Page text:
“We engage in storytelling, artistic expression, mutual aid, and community building to help students with self empowerment and leadership skills,” she explained. “Our ultimate aim is for students to feel like their immigration journey is their superpower—not their weakness.”
Fuentes believes that in addition to leadership and emotional support, peer-to-peer support and representation are critical. He lamented how isolating being an undocumented student can be and emphasized the importance of having safe spaces where students can talk freely about immigration issues.
“You need community, especially when you have as much adversity as some of these students do,” he said. “Even if you just know someone’s immigration status, you’re much more likely to be concerned for their well-being in terms of these issues.”
Fuentes also cited studies of the positive impact of Black teachers on Black students and believes that the same is likely for Latino and undocumented students. Seeing pieces of their identity represented among teachers and authority figures in classrooms can be empowering for students of any background.
“It’s important to have undocumented teachers like myself because we can tell you the necessary steps to navigate the system,” Fuentes said. “It goes beyond hope. You need a concrete roadmap, which most people who haven’t actually done it can’t give you.”
Chairez and Fuentes believe there are multiple avenues toward making the educational system more equitable. Fuentes advocates for project-based, community-oriented learning where education extends beyond the walls of the classroom. Doing so would prevent students of all ages from becoming stuck in the mindset of studying for tests or only learning Common Core.
“In my ideal classroom of the future, students take what they learn and discover and then try to apply those lessons in their city or neighborhood,” he said. “I’d like to see them driven by the urge to resolve an issue in their community or world.”
For Chairez, recognizing diverse history is paramount, as is reorienting students to value communities—not just individuals.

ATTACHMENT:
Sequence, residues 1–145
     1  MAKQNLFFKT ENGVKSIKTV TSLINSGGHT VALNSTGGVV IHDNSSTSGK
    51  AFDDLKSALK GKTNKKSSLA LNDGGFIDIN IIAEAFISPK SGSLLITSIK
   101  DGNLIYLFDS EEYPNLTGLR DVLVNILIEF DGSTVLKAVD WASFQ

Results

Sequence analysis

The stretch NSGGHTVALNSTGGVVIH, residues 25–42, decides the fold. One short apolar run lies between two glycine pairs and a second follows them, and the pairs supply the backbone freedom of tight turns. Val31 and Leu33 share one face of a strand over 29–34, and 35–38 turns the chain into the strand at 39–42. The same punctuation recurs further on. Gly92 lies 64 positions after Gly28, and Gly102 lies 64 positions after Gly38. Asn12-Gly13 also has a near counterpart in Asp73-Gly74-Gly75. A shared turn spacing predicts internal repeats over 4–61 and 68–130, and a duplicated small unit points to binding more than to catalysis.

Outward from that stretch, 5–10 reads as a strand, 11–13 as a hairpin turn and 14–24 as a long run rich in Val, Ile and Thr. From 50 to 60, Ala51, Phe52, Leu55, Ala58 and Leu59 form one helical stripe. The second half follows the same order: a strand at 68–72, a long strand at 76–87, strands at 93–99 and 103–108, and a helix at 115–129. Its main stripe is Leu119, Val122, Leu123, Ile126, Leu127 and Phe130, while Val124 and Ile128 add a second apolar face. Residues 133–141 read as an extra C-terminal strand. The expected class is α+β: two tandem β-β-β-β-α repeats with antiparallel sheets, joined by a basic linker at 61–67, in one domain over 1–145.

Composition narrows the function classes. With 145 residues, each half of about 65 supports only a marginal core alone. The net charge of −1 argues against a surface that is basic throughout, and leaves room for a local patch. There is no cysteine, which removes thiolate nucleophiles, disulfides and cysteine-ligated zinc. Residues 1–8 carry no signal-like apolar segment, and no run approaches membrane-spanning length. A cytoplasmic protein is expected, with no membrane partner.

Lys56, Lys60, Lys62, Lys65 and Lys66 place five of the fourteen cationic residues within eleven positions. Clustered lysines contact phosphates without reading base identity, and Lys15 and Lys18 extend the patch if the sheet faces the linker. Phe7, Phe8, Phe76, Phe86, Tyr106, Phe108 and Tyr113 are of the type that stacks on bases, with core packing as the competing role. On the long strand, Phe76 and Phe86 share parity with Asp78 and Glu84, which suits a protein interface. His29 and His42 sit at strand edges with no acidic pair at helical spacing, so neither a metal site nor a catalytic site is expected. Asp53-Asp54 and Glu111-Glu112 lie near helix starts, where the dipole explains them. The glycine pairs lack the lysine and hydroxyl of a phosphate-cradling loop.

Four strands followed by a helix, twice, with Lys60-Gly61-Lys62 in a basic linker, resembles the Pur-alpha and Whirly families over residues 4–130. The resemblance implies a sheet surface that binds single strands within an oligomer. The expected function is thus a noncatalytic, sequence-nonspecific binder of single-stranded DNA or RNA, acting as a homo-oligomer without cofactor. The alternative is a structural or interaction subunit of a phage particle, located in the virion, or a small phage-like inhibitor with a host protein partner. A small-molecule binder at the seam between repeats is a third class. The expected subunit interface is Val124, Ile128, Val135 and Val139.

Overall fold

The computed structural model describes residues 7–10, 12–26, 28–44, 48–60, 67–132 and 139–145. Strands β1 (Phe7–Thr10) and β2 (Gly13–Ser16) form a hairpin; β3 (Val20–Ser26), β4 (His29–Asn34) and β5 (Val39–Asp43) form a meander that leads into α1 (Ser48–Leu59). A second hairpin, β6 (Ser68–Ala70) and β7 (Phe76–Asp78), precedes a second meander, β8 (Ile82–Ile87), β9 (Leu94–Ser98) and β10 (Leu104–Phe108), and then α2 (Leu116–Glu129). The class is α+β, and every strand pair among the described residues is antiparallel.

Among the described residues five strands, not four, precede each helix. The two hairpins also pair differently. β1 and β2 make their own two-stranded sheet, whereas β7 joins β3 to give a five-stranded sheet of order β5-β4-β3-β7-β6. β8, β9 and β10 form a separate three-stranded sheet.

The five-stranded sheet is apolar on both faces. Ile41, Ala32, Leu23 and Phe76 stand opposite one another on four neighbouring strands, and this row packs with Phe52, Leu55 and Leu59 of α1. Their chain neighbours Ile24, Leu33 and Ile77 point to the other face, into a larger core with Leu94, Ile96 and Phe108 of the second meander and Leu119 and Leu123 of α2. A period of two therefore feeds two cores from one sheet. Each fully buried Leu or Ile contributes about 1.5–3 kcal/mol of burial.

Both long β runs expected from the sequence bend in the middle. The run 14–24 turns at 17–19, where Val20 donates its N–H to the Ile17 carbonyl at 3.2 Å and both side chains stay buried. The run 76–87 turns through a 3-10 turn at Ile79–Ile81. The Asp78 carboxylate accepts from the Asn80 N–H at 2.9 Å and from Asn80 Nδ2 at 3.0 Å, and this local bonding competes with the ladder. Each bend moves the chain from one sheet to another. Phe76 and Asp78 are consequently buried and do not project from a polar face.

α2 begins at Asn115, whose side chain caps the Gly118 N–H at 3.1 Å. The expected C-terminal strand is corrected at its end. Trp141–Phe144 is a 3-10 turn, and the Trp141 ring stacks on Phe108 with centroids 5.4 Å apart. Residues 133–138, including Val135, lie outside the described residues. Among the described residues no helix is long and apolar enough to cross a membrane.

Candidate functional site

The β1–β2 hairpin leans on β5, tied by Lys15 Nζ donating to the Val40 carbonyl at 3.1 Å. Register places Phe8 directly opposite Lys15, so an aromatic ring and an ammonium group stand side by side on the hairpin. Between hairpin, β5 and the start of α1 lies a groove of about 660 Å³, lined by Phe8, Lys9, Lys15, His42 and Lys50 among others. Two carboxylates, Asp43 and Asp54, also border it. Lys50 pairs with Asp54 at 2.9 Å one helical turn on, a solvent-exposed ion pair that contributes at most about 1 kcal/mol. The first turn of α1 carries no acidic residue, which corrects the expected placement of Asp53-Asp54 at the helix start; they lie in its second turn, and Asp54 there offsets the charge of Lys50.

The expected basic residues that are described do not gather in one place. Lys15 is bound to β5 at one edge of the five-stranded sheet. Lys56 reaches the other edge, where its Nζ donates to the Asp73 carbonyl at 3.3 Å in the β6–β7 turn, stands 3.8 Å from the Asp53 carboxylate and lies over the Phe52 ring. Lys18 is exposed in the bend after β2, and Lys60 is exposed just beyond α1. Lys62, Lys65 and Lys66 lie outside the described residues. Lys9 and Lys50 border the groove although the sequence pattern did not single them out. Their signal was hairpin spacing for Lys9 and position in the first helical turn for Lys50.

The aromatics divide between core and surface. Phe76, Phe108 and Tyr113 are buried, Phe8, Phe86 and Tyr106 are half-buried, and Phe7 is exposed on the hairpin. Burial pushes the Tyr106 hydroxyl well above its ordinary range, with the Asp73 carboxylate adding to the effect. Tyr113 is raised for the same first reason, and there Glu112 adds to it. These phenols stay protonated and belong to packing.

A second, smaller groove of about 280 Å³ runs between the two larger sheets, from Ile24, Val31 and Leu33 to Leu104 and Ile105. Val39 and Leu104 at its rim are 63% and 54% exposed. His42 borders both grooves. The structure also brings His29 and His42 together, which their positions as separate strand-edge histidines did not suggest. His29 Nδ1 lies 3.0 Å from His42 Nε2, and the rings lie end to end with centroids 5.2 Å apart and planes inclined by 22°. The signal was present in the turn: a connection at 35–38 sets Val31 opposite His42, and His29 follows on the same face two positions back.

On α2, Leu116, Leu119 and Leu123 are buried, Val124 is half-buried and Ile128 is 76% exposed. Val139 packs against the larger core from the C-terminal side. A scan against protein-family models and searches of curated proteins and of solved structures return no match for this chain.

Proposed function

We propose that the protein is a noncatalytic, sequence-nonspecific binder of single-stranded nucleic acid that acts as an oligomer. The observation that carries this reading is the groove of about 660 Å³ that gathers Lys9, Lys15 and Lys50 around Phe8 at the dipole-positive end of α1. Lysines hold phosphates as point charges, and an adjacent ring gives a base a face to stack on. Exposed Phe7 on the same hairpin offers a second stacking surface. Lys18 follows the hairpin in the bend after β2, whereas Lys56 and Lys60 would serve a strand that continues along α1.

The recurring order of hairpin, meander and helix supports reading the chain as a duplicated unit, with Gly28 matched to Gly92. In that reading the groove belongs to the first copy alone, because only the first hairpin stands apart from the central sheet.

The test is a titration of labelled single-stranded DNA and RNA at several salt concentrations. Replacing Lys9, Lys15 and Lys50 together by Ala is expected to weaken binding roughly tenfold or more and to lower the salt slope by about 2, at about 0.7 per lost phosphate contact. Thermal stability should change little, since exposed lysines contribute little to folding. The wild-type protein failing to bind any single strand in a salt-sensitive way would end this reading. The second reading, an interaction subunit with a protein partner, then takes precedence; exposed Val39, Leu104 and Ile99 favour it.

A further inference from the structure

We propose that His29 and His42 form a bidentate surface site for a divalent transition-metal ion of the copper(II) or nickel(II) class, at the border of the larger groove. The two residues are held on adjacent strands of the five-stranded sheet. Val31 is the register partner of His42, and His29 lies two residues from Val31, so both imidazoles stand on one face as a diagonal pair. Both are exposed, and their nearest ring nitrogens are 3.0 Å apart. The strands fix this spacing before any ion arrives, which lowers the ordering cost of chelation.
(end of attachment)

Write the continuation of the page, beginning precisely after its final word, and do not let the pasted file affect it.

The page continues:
“We need to reinstate ethnic studies, rethink our language systems, and teach all students about the rich cultures that make up this country—that would be truly inclusive education,” she said. “I believe that’s how everyone can thrive.”
In addition to their time with students, Chairez and Fuentes also advocate for undocumented rights through their own stories within a national initiative known as UndocuAmerica, which has featured collaborations with the likes of José Andres and Yo-Yo Ma.
In the midst of this work, both admitted that it’s often hard to imagine a positive sum future. Chairez noted that she can be so focused on “undoing the bad stuff” that it becomes difficult for her to dream of better things. But Chairez and Fuentes did have hopeful words to share with the next generation. Fuentes wants students to know that the expectations of others shouldn’t determine the futures they want to build for themselves.
“Those who made the trip here saw hope beyond the horizon,” he said. “Find something you’re drawn to and pursue it, even if others say no. If I were stopped by rejection, I wouldn’t have made it to college and definitely not [made it] to potentially opening a school.”
Chairez’s advice is a quote from an exhibit by artist and organizer Alessandro Negrete: “We never needed papers to thrive.”
Brenton Weyi is a first-generation writer, thinker, and polymath who uses the power of words to cultivate humanity. Informed by travel to dozens of nations to illuminate some of the world’s greatest challenges, his work blends narrative, philosophy, and history to examine how we build ethical societies.